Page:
Zineb El Rhazoui is a French-Moroccan journalist involved in culturally left and secularist activism against the harassment of women and the power of the patriarch.
On a TV station after the attack on the Christmas market in Strasbourg, where five people were killed by an Islamic militant she said Islam must be subject to criticism. Islam must subject itself to humour. Islam must subject itself to the rights of the Republic and to French law. She also said that no one would ever get to the bottom of the ideology that drives terrorism by telling people that Islam is a religion of peace and love.
Within hours she was subjected to a barrage of rape and death threats. Undeterred, a few days later, she unapologetically reaffirmed her views. The silence from the establishment, supposedly committed to freedom of expression, was deafening. Her words struck a certain nerve in France where there is a centre-left establishment consensus that terrorism has nothing to do with Islam.
In the UK Sajid Javid, the rising star in Britain’s Conservative Party, and currently home secretary, hit the headlines. Javid, one of five children of a Pakistani immigrant bus driver, won a seat in Parliament in 2010. He combines intelligence with a drive that would be exceptional anywhere. The youngest ever vice-president of Chase Manhattan at the age of 24 and a managing director at Deutsche Bank 10 years later.
Reports that dozens of migrants were setting off in small boats from the coast of France to reach Britain and claim asylum brought him back early from his Christmas vacation.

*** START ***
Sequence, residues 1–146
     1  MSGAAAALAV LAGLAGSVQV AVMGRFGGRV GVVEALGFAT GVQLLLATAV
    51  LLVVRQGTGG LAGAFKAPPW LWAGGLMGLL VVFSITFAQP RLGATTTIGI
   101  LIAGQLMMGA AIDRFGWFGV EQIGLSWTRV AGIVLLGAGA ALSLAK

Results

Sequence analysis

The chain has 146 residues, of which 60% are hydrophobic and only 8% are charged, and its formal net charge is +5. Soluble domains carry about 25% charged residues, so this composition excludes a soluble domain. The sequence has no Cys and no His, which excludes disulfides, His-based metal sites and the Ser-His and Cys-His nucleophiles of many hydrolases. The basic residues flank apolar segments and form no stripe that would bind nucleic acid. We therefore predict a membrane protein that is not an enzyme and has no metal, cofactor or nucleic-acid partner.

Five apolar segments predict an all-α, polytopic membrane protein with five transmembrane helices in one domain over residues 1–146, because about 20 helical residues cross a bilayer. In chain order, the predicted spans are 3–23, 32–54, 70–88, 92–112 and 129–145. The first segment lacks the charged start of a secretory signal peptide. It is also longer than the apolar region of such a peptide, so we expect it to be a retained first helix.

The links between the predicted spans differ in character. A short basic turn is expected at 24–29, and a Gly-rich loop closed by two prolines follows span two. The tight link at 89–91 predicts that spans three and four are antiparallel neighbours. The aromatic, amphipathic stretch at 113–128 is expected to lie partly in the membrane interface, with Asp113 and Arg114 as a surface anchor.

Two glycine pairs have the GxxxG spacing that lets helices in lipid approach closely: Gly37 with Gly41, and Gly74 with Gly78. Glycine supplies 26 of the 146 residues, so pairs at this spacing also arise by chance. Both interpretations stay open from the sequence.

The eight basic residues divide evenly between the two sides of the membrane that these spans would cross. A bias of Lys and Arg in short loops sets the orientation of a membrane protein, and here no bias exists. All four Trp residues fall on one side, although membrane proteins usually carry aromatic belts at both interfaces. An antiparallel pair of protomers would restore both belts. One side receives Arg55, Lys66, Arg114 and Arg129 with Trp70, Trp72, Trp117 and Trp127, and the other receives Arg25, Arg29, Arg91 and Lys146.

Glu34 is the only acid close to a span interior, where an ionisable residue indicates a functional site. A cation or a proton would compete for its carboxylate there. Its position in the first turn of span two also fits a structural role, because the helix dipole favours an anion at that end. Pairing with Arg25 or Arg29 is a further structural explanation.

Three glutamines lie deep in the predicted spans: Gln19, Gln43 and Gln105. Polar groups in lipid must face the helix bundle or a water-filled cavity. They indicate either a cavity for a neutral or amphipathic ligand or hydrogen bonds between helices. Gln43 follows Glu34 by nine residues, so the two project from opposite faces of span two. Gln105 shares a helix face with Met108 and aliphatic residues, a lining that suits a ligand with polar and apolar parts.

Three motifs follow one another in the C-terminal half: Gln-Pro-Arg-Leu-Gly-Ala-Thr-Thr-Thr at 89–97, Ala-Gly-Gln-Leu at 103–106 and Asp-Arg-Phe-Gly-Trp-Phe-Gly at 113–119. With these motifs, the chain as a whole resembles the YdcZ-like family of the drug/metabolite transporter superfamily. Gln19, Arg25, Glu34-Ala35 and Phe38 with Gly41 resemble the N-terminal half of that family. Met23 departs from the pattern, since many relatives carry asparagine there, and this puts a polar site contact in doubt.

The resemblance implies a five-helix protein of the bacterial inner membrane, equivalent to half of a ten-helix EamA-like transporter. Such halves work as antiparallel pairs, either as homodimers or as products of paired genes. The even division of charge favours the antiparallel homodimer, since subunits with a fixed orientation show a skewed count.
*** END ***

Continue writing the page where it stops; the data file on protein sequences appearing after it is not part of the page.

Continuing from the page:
What he said on his return hit the headlines. “If you are a genuine asylum seeker, why have you not sought asylum in the first country you arrived in? Because France is not a country where anyone would argue it is not safe in any way whatsoever.” This statement earned him harsh criticism.
Javid has a history of remarks that provoke the multicultural left. After the Charlie Hebdo attacks in Paris he referred to the fact that the people carrying out these acts call themselves Muslims. The lazy answer would be to say that this has got nothing whatsoever to do with Islam. That would be lazy and wrong. You can’t get away from the fact that these people are using Islam, taking a peaceful religion and using it as a tool to carry out their activities.
Previously Javid ordered research into the ethnic origins of the child rape gangs in northern England. These gangs are disproportionately of Pakistani origin, a fact that was ignored by the British Press, which referred to them as “Asian.”
Javid wrote that understanding their background was essential to understanding the problem. Who could object to research? Unfortunately, in multicultural Britain there is a taboo against probing too deeply into why Pakistani men form gangs to rape white British girls.
Sajid Javid and Zineb El Rhazoui have a good deal in common. Both are figures who have been somewhat liberated by their ethnic backgrounds to speak more candidly than most playing a critical role. Their ethnicity gives them more licence to speak freely than is acceptable from a person of white ethnicity. As such they are very valuable and hopefully they and others like them play a big part in the battles ahead.
Gordon is the former president and chief executive of BMMI. He can be reached at firstname.lastname@example.org